Talos Vulnerability Report


Apple DCERPC zero length BIND packet infinite loop

July 13, 2023
CVE Number



An infinite loop vulnerability exists in the way DCERPC library as used in Apple macOS 12.6.1 deals with fragment sizes. A specially-crafted network packet can cause an infinite loop, which can result in unconstrained resource utilization and denial of service. An authenticated remote attacker can send a network request to trigger this vulnerability. A local attacker can write to a local socket to trigger this vulnerability.


The versions below were either tested or verified to be vulnerable by Talos or confirmed to be vulnerable by the vendor.

Apple macOS 12.6.1


macOS - https://apple.com


5.3 - CVSS:3.1/AV:N/AC:H/PR:L/UI:N/S:U/C:N/I:N/A:H


CWE-835 - Loop with Unreachable Exit Condition (‘Infinite Loop’)


DCERPC is a remote procedure call protocol that is the basis for RPC functionality on Windows. DCERPC framework on macOS implements this protocol and enables interoperability of Windows network services on macOS. For example, it is used on top of SMB, through which support for Active Directory is implemented. DCERPC framework is employed by rpcsvchost binary, which opens a number of UNIX sockets that expose different RPC functionality.

A structure common to all DCERPC packets is as follows:

typedef struct
    unsigned8  rpc_vers;               /* 00:01 RPC version - major */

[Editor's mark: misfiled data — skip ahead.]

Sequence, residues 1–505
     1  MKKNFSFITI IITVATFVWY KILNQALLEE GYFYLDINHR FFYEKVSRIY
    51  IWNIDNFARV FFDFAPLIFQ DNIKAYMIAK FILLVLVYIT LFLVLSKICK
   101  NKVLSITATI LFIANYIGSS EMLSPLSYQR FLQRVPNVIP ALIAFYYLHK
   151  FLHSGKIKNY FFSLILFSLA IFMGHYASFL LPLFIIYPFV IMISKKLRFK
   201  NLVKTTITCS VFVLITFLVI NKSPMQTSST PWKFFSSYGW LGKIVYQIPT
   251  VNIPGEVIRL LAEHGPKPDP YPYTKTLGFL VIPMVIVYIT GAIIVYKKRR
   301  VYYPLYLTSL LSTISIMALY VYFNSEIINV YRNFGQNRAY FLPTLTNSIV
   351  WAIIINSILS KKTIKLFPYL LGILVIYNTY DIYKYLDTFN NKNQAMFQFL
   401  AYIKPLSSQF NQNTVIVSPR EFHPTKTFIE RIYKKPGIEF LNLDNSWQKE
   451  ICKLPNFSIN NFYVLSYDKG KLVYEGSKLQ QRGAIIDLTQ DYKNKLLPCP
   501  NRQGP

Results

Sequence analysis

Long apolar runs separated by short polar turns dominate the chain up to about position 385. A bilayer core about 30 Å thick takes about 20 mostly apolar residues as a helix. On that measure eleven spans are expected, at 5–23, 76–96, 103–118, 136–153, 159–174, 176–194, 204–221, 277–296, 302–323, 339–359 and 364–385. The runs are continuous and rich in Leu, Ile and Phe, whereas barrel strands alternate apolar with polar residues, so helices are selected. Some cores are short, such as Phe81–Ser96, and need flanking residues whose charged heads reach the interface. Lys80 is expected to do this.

unsigned8  rpc_vers_minor;         /* 01:01 RPC version - minor */
    unsigned8  ptype;                  /* 02:01 packet type */
    unsigned8  flags;                  /* 03:01 flags */
    unsigned8  drep[4];                /* 04:04 ndr format */
    unsigned16 frag_len;               /* 08:02 fragment length */                      [1]
    unsigned16 auth_len;               /* 10:02 authentication length */
    unsigned32 call_id;                /* 12:04 call identifier */
} rpc_cn_common_hdr_t, *rpc_cn_common_hdr_p_t;

Packets are processed in a loop inside dispatch_receive function, which will in turn call receive_packet. Function receive_packet will either read data from a socket or, if enough data was read, return the data for further processing. In either case, the following code is invoked:

if (fbp->data_size >= RPC_C_CN_FRAGLEN_HEADER_BYTES)                                  [2]
     * Okay, we have enough of the header to figure out how big
     * this fragment is.
    frag_length = RPC_CN_PKT_FRAG_LEN ((rpc_cn_packet_p_t)(fbp->data_p));               [3]
     * Figure out how many bytes we need.
    need_bytes = frag_length - fbp->data_size;                                          [4]

First, at [2], size of received data is compared against minimal header size. If enough data is received, the parser can continue. At [3], frag_len field from the common header [1] is read directly from the incoming data. Then, at [4], code tries to calculate how many more bytes it needs to complete the packet. Normally, frag_length would be positive and either bigger or smaller than the actually-read incoming data. Variable need_bytes is signed, and the possible negative value is expected. Negative value would signify that a complete packet has already been received and that parsing can fully continue:

if (need_bytes < 0)
     * Get an overflow fragment buffer.
    *ovf_fragbuf_p = rpc__cn_fragbuf_alloc (true);                                     [5]
    (*ovf_fragbuf_p)->data_size = abs(need_bytes);

     * Set the fragbuf data size to the fragment length and copy the
     * excess data to the overflow fragment buffer.